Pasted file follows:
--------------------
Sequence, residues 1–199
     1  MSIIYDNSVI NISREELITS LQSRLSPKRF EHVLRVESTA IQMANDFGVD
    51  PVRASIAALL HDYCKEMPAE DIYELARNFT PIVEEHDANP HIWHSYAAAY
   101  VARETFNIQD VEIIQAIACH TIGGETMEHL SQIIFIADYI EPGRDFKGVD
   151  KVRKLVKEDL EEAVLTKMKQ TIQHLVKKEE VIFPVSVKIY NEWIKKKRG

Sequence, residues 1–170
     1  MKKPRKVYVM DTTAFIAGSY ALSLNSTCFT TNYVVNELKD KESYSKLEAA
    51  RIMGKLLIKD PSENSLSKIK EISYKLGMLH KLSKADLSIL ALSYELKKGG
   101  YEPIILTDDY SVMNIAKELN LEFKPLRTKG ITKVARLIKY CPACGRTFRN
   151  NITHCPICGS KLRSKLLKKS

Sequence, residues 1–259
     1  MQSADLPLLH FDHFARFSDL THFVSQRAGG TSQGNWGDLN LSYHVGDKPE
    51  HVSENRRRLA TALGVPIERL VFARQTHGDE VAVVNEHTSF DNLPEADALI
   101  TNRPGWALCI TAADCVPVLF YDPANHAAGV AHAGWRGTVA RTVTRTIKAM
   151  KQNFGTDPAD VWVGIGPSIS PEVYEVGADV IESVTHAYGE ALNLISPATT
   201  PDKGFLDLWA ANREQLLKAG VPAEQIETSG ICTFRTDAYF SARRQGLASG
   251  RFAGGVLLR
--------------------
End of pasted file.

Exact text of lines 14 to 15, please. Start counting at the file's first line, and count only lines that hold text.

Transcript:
   101  TNRPGWALCI TAADCVPVLF YDPANHAAGV AHAGWRGTVA RTVTRTIKAM
   151  KQNFGTDPAD VWVGIGPSIS PEVYEVGADV IESVTHAYGE ALNLISPATT